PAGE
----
Avoid aged cheeses when on a low-tyramine diet.
Comstock Images/Comstock/Getty Images
Tyramine naturally occurs in a variety of foods, especially those that are aged and fermented. It can cause headaches and increase blood pressure, but you normally don't have to worry about eating tyramine-containing foods because it's inactivated by enzymes in your digestive tract. Some medications interfere with these enzymes, which can make levels of tyramine increase. If you take these medications, your physician may advise you to follow a low-tyramine diet.
Tyramine forms in foods when microorganisms interact with the amino acid tyrosine. It's a normal part of aged and fermented foods and also produced when foods begin to spoil. Antidepressants called monoamine oxidase inhibitors, drugs used to treat Parkinson's disease and certain antibiotics interfere with the enzymes that metabolize tyramine. When you take these medications, levels of tyramine increase in your blood. High levels of tyramine cause the release of too much norepinephrine, which results in side effects such as severe headache, high blood pressure, heart palpitations and confusion. Blood pressure can get so high that it becomes a medical emergency called a hypertensive crisis, according to Vanderbilt University.
Aged, Fermented and Pickled Foods
At least three-fourths of all tyramine-related hypertensive crises are caused by aged cheeses, which is why it's sometimes called a cheese reaction, according to Vanderbilt University. This makes it especially important to eliminate all aged cheese, including cheddar, blue and Swiss. You should avoid any type of aged, smoked or pickled fish, meat and poultry. This category also includes dried sausage, pepperoni, salami, pastrami and corned beef. Do not eat sauerkraut, kimchi and other fermented vegetables. Soybeans, soybean paste, tofu, miso and soy sauce are all high in tyramine.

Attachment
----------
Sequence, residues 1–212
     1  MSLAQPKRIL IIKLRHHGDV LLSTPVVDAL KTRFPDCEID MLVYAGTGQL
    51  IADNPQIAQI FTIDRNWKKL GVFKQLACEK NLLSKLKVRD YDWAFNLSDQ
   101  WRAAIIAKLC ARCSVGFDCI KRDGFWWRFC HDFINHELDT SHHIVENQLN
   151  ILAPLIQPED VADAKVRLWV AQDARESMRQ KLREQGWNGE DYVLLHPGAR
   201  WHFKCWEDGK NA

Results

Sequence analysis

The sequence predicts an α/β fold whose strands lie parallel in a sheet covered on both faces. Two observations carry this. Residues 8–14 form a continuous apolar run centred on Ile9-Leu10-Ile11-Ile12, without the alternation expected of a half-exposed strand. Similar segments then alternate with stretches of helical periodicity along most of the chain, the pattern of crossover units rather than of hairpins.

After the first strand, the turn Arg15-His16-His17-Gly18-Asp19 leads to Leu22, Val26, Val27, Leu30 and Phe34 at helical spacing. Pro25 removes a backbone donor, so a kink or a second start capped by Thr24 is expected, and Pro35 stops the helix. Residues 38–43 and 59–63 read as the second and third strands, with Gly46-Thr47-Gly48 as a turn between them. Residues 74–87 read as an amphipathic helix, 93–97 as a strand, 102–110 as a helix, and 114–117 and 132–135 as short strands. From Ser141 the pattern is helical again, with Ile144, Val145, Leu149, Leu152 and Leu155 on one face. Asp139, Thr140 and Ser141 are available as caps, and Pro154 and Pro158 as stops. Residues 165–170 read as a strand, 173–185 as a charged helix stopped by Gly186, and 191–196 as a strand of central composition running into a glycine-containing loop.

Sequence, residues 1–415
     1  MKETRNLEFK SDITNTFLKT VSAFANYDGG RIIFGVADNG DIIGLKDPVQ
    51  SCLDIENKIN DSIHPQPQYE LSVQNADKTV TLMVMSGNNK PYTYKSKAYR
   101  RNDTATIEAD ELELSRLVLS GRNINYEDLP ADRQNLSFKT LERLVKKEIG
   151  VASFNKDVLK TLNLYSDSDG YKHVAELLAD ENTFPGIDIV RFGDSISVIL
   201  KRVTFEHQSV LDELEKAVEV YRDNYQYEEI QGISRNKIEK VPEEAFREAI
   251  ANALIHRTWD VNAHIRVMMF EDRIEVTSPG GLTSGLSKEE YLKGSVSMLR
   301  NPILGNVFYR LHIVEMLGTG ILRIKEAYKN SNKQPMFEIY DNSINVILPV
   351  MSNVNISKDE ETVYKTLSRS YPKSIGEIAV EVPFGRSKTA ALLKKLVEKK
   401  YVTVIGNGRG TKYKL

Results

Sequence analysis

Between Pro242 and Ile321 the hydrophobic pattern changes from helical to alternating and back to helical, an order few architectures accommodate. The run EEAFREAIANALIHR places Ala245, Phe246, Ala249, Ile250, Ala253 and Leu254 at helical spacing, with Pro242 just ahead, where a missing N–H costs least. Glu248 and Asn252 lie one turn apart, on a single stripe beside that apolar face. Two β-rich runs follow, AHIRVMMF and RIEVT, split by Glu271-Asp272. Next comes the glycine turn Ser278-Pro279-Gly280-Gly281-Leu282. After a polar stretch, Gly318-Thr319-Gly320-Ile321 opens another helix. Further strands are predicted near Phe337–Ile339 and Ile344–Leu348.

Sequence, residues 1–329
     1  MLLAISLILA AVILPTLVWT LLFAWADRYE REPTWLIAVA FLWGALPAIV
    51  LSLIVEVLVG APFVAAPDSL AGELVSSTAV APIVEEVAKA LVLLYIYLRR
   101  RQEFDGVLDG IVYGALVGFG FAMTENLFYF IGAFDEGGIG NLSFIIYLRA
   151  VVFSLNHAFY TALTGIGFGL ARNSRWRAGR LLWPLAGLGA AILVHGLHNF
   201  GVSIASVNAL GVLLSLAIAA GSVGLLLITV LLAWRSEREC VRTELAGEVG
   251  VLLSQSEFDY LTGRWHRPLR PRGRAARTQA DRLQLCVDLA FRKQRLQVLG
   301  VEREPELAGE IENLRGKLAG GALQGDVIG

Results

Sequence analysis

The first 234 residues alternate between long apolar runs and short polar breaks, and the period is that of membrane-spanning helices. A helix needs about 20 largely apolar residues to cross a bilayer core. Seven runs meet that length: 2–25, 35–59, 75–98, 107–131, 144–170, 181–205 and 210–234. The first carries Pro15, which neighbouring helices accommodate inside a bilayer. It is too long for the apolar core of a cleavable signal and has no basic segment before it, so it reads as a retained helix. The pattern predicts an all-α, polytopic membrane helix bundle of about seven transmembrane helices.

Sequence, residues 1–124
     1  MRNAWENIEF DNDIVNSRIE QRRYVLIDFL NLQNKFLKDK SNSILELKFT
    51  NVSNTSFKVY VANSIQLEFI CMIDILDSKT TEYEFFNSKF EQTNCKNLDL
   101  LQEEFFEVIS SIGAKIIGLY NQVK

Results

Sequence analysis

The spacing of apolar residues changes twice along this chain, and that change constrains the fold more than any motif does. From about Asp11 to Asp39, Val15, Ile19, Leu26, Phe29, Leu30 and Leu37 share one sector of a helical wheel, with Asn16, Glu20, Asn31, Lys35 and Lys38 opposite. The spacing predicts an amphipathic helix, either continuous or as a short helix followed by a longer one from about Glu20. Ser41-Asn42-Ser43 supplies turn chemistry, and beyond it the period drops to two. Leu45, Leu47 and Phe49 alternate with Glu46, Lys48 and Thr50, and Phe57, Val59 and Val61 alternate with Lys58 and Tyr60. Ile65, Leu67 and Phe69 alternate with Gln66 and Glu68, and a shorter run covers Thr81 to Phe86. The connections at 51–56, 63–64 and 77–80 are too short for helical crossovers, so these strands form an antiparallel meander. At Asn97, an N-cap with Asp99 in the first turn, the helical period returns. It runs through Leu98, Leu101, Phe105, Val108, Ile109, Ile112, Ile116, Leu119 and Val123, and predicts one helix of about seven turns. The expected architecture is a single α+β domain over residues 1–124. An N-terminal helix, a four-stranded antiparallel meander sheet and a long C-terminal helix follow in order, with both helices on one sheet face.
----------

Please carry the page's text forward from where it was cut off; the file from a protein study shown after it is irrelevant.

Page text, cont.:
Other Foods and Beverages
Do not eat freshly baked yeast bread or processed meats such as bologna, bacon, ham and hot dogs, notes Northwestern Memorial Hospital. Bouillon and broth made from meat can be high in tyramine, which means that meat-based soups, stews, sauces and gravies should be avoided. Snow peas, fava beans and Italian green beans are on the do-not-eat list because they're high in another substance that can increase blood pressure and may magnify the effect of tyramine. A low-tyramine diet should not include vermouth, tap beer or wine. You should also eliminate yeast extracts. Banana peels are not commonly consumed in American cuisine, but they're also forbidden.
Old or Spoiled Foods
You would not eat obviously spoiled food, but foods that are close to spoiling can have too much tyramine to be safe. Fruits and vegetables that are overripe can cause problems. Meats that are near the expiration date can already have tyramine-producing bacteria. The bottom line is that you should not eat any meat, fish, poultry or dairy products that are near or beyond the expiration date. Eat fresh produce within 48 hours. Vanderbilt University recommends consuming fresh meat, poultry or fish the same day or putting it directly into the freezer and then thawing it in the refrigerator. Don't eat leftovers after 48 hours.